Watching a debate regarding simplifying simulation software is like watching two old political adversaries take shots at each other. It’s interesting as long as the beer is cold and there’s more of it. I spend a lot of time working with various simulation and analysis applications, and can understand exactly what each side is arguing about.
- Simplifying the software (and making it more accessible) for anyone to use puts dangerous power into the hands of idiots
- Purposefully keeping the software difficult for the sake of having an idiot buffer is terribly counterproductive
The Analysis Says it’s OK…
The problem centers on the simulation and analysis software, and the perception by many that the results are valid, no matter what was done to obtain them. “Analysis was performed and found the part to be safe. The report says it’s good. Ok.” This could not be farther from the truth; however, all that can be done to ensure your analyses are valid is to carefully stand by results that reputable firms furnish.
You see, analysis results are only as good as the analysis preparation. No more, and no less. The software will report on things that don’t jive in terms of the underlying mathematics, but it can’t tell if the test was not prepared correctly. However, what happens when a company upgrades to a new software product that is powerful and complex. If a qualified analyst doesn’t understand the complex software, then he or she may not get the results that were expected. The difference, I suppose, is that the analyst will recognize that something has gone awry, where the idiot wouldn’t.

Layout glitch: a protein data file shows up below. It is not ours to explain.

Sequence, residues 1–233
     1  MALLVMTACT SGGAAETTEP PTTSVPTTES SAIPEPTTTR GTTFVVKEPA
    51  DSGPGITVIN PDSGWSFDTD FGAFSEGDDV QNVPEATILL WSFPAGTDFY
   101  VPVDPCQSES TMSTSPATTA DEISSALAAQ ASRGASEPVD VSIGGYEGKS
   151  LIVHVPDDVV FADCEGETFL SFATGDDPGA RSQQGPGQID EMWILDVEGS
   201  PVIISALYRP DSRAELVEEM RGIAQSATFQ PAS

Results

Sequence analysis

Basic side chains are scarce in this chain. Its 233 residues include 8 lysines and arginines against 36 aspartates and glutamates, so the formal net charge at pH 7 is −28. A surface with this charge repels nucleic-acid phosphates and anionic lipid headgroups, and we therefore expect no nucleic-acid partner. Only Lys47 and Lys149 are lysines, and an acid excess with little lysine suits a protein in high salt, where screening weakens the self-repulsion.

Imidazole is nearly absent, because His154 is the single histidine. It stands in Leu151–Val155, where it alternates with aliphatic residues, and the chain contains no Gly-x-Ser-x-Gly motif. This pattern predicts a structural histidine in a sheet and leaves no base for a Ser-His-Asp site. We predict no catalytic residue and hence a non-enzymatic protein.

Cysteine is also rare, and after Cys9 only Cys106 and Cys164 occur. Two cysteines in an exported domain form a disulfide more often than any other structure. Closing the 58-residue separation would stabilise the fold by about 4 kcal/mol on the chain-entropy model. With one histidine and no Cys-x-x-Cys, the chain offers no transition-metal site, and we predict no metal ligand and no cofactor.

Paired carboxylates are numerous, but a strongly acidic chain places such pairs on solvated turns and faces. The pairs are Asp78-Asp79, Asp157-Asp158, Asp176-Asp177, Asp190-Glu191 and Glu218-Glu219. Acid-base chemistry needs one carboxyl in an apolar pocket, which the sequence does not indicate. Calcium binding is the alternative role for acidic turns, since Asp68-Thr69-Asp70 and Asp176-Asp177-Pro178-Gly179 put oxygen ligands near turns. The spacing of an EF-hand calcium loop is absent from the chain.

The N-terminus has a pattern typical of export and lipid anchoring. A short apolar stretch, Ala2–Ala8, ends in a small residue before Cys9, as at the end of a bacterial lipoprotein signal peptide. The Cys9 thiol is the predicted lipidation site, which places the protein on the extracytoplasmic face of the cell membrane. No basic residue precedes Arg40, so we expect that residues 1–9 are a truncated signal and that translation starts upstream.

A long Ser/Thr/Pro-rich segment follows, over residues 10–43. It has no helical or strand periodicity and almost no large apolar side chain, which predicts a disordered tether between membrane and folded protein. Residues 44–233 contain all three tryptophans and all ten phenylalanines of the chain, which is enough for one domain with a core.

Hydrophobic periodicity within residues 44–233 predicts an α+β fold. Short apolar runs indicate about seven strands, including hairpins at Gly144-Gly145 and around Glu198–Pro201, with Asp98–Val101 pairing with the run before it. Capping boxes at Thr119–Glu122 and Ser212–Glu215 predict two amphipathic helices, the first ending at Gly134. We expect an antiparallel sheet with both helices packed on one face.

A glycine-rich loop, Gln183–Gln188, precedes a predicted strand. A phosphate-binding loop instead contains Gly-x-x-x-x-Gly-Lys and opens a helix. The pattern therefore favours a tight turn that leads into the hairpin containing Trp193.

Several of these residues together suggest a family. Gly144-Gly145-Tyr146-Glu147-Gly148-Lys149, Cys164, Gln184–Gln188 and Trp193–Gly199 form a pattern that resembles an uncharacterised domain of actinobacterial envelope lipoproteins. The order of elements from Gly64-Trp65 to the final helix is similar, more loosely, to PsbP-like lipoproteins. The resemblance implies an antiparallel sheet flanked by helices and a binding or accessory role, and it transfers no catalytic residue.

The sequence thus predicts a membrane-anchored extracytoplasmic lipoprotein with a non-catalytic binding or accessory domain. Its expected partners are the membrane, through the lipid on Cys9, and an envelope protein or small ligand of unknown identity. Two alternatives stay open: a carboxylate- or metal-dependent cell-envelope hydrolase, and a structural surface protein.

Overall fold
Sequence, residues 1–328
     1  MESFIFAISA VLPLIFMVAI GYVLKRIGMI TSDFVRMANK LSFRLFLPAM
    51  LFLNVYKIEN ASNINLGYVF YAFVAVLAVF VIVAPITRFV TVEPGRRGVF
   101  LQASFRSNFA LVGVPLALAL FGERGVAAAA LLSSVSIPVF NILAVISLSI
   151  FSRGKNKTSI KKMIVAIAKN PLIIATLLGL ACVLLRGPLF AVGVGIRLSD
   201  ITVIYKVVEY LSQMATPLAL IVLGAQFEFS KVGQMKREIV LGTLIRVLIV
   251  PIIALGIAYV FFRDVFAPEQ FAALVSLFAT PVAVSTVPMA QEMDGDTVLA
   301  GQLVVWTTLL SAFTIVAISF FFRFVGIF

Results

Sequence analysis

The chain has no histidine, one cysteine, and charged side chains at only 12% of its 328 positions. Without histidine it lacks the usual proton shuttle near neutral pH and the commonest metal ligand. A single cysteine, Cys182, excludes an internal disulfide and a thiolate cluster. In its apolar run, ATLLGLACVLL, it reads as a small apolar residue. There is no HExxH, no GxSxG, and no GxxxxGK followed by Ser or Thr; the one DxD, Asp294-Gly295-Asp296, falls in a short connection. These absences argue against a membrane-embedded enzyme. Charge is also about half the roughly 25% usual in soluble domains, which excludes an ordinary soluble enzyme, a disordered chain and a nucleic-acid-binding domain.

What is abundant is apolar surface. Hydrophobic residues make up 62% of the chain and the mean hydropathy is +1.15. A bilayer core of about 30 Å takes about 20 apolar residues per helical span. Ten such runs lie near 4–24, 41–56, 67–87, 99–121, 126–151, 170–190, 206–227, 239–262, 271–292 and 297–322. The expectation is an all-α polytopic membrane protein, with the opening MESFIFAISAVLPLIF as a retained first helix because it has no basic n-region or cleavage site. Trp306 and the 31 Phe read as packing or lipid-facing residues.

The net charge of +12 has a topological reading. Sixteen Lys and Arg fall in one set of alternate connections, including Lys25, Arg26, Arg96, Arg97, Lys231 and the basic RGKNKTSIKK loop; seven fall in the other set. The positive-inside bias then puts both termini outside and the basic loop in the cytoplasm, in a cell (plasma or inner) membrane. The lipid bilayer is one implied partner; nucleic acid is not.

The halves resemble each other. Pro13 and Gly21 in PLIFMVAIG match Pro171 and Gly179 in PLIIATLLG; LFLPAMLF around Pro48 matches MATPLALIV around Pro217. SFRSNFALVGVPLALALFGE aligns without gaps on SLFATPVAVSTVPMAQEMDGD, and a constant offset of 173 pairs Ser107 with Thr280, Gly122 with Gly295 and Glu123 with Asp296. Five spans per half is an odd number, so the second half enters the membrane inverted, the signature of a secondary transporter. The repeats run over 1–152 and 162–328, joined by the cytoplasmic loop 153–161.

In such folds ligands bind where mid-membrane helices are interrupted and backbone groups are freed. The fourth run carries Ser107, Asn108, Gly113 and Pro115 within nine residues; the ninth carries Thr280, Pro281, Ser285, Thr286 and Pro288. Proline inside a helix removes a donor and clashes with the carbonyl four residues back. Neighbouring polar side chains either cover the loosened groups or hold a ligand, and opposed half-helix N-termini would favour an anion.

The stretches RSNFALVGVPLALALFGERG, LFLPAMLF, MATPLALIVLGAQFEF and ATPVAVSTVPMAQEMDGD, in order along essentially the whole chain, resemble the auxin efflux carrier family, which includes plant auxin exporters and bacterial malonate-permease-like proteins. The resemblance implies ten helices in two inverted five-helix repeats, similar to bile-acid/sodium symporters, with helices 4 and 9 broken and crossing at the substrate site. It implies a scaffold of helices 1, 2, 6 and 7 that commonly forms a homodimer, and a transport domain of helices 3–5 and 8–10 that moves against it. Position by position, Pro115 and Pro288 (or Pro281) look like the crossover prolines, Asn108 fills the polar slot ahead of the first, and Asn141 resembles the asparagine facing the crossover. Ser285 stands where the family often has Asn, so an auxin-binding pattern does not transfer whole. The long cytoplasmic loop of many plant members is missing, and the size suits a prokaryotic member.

So what’s to stop an idiot from getting complex analysis software and churning out reports right now? Absolutely nothing. Keeping the complexity built into the software simply attrits the lazy idiot. The determined ones keep on churning out reports.
As Autodesk is at the front of the line when it comes to user interface (UI) simplification, I thought I’d ask them what they thought. Bob Williams, Product Marketing Manager for Autodesk Simulation, gladly answered some questions about the company’s direction. Bob, as you may recall, came to Autodesk with the Algor acquisition, and is well versed in the mechanics of simulation software and its UI progression.
JE: What is your take on the company-wide push for democratization of engineering software?
BW: Democratization is one of those terms that makes people ask “What does that really mean?”. What I’ve learned that it means over the last several years, especially in the area of simulation, is that it’s really more of a focus on ‘what is the right